Cost-of-Living Increases For Montgomery GI Bill, Dependent Education Benefits
If you are attending classes on the Montgomery GI Bill or the VA Survivors’ and Dependents’ Educational Assistance Program, you will see an increase in your monthly payments starting in October 2022, thanks to the annual Cost of Living Adjustment or COLA.
COLA changes for the Post 9/11 GI Bill are already in effect, those increases occurred in August 2022.
Montgomery GI Bill — Active Duty COLA Increases
Active-duty full-time students using the Montgomery GI Bill may see their monthly payment move up to $2,210. Active duty half-time students will see their rate increase to $1,105 per month.
Montgomery GI Bill rules specify a monthly payment, the amount is determined by the number of classroom hours you carry. Undergraduate attendance may be calculated as follows:
- 0-2 hours is equal to quarter-time attendance
- 3-5 hours – is equal to less than half-time attendance
- 6-8 hours – equal to half-time attendance
- 9-11 hours is equal to three-quarter time attendance
12 hours or more is considered full-time in most cases. When attending grad school on the Montgomery GI Bill, you are paid based on what your school determines as full or part-time attendance. That means if your school considers six hours of classes per semester or term to be full-time, you are considered a full-time student for Montgomery GI Bill purposes.
Montgomery GI Bill Selected Reserve (MGIB-SR) COLA Increases
A full-time Reservist using the Montgomery GI Bill (Selected Reserve) will see GI Bill monthly payments to go up to $439 in October. Half-time Reservist students could see their monthly payments go up to $219.
Undergraduate attendance under the MGIB-SR is as follows:
- 0-2 hours – quarter-time
- 3-5 hours – less than halftime
- 6-8 hours – half-time
- 9-11 hours – three-quarter time
12 hours or more is considered full-time in most cases. Graduate students using the Montgomery GI Bill-Selected Reserve are paid based on what your school establishes as a full time commitment. If your school considers six hours of classes per semester or term to be full-time, you are considered a full-time student for Montgomery GI Bill purposes.
Survivors’ and Dependents’ Educational Assistance Program COLA Increases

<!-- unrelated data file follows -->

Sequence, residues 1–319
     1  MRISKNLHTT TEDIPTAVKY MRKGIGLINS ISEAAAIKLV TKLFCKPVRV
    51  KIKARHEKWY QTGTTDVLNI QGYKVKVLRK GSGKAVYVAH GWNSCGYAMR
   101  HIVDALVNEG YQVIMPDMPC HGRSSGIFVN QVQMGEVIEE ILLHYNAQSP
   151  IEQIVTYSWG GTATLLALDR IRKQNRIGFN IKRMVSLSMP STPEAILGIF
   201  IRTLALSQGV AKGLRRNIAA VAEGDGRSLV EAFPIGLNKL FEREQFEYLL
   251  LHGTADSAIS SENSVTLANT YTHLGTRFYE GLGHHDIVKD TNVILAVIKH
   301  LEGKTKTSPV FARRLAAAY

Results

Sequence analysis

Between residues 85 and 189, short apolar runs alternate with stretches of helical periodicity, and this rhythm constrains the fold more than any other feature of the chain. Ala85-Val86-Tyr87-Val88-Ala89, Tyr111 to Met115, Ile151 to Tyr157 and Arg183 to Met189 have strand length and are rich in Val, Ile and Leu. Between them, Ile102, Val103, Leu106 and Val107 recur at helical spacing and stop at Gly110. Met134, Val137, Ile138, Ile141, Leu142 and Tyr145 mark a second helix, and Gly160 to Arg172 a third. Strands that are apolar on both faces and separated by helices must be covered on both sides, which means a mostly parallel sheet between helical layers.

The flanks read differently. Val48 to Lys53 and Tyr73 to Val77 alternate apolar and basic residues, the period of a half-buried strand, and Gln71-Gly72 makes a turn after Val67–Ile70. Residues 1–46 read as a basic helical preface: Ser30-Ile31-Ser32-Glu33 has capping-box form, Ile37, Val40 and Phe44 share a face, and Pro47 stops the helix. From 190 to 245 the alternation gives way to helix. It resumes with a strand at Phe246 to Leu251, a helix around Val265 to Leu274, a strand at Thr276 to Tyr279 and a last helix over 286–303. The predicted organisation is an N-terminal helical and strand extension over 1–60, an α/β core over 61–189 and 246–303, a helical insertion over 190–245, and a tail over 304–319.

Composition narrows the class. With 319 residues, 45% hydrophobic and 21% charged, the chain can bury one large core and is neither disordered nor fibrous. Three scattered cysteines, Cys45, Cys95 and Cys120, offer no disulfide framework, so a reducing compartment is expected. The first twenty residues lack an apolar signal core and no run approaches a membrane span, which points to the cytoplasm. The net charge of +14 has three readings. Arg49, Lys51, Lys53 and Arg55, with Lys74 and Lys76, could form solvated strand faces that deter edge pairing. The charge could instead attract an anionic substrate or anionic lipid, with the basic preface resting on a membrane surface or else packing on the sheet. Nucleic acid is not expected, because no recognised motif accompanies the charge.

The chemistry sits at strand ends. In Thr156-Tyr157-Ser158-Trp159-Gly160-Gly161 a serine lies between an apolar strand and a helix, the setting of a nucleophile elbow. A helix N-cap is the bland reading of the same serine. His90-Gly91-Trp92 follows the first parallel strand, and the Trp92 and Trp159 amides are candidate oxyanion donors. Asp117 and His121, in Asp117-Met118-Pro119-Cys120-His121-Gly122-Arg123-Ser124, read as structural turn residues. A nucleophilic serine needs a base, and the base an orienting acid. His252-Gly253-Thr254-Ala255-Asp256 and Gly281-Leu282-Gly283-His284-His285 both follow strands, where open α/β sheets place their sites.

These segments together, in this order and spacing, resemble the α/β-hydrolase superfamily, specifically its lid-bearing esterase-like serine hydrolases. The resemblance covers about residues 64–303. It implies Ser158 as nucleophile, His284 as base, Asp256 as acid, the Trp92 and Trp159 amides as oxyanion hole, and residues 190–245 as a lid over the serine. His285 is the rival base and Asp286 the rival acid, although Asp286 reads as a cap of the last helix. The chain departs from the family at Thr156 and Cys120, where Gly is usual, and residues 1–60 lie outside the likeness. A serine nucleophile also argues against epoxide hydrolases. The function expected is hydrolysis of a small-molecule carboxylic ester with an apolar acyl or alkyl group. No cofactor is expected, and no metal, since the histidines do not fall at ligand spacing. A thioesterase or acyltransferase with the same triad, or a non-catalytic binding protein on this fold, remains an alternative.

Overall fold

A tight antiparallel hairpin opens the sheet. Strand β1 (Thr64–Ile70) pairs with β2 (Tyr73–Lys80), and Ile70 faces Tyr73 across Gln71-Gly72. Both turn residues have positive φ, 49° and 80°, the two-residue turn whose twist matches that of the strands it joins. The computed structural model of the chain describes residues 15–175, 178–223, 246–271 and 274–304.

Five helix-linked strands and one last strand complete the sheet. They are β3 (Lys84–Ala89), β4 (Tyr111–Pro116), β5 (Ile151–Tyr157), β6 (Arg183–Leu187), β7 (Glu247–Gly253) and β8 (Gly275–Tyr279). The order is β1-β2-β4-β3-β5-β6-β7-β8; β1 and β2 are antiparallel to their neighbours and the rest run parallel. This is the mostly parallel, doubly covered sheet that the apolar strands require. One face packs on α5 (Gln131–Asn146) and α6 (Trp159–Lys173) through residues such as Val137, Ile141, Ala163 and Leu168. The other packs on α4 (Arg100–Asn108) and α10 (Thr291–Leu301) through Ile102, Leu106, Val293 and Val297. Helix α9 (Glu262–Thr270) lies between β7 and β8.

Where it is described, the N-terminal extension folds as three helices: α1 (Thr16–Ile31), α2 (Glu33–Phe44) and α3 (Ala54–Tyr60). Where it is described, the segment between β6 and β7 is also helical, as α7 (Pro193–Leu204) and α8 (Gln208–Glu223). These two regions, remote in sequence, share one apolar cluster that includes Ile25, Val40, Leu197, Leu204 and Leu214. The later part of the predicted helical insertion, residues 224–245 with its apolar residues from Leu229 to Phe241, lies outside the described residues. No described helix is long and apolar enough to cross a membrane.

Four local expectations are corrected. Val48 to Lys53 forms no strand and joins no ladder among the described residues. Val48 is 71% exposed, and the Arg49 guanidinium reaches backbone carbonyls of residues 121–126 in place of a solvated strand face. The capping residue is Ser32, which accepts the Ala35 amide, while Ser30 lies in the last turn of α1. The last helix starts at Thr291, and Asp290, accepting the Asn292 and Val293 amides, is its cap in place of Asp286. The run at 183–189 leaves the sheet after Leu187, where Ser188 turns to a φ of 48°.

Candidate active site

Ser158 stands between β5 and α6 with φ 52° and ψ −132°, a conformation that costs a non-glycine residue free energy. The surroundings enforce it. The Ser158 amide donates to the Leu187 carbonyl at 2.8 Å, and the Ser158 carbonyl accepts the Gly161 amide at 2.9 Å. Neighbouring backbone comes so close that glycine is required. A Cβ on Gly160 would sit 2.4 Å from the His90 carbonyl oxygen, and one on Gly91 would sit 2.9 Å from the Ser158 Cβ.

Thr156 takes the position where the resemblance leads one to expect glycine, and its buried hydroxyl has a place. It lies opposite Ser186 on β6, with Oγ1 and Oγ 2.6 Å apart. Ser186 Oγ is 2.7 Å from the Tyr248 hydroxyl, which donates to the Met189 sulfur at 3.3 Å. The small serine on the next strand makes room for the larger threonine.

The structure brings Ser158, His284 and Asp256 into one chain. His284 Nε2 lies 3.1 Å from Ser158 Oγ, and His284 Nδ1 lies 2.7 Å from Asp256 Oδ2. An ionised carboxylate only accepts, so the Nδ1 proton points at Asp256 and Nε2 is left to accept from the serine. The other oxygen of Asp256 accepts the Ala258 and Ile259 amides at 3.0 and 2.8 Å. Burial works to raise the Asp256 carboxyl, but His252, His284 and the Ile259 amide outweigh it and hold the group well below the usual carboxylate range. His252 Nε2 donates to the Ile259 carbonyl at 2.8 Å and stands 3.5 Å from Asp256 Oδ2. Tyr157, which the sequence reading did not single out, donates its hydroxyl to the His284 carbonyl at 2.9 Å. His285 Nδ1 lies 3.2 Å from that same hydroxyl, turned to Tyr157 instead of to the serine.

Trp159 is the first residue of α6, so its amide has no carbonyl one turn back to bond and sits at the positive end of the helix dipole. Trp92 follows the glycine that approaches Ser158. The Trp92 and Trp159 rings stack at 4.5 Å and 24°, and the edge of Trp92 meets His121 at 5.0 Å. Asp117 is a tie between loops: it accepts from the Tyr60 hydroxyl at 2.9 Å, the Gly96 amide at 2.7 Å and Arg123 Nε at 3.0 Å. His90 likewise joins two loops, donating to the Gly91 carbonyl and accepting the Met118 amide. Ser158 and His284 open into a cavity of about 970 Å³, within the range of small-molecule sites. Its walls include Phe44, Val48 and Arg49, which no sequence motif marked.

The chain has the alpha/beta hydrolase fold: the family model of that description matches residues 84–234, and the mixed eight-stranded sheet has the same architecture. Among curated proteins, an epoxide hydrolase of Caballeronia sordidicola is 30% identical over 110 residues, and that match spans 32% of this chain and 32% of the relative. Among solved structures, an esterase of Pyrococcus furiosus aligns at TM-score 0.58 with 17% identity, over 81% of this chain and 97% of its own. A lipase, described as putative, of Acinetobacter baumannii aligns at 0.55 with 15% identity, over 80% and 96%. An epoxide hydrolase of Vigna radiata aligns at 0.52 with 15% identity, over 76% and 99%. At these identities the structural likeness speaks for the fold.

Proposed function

The VA program called Survivors’ and Dependents’ Educational Assistance program offers up to 36 months in VA education benefits that can be used for a degree or credentials in VA-approved programs.
Full-time students using VA Survivors and Dependents Educational Assistance benefits could get $1,401 a month thanks to the COLA increase. Half-time students may be offered as much as $812 a month.
Spouses or school-age dependent children of vets who meet any of the criteria listed below may qualify for this program. Qualifying criteria includes, but may not be limited to the following as published by the Department of Veterans Affairs:
- A veteran who is permanently, totally disabled as the result of a service-connected disability;
- A veteran who died as the result of a service-connected disability
- A veteran who died with a VA recognized service-connected disability, but not necessarily because of it.
- A service member missing in action
- A service member captured in the line of duty.
- A service member likely to be discharged or released from service for a service-connected disability.
To qualify, dependent children must be between the ages of 18 – 26. You do not qualify for this program if you are serving on active duty, and this benefit is typically not offered after your 31st birthday.
Qualifying military spouses have a ten-year span of time to use these benefits. That clock begins counting down from the time you are declared eligible for the benefit, or 10 years from the death of the veteran.
About the author
Joe Wallace is a 13-year veteran of the United States Air Force and a former reporter/editor for Air Force Television News and the Pentagon Channel. His freelance work includes contract work for Motorola, VALoans.com, and Credit Karma. He is co-founder of Dim Art House in Springfield, Illinois, and spends his non-writing time as an abstract painter, independent publisher, and occasional filmmaker.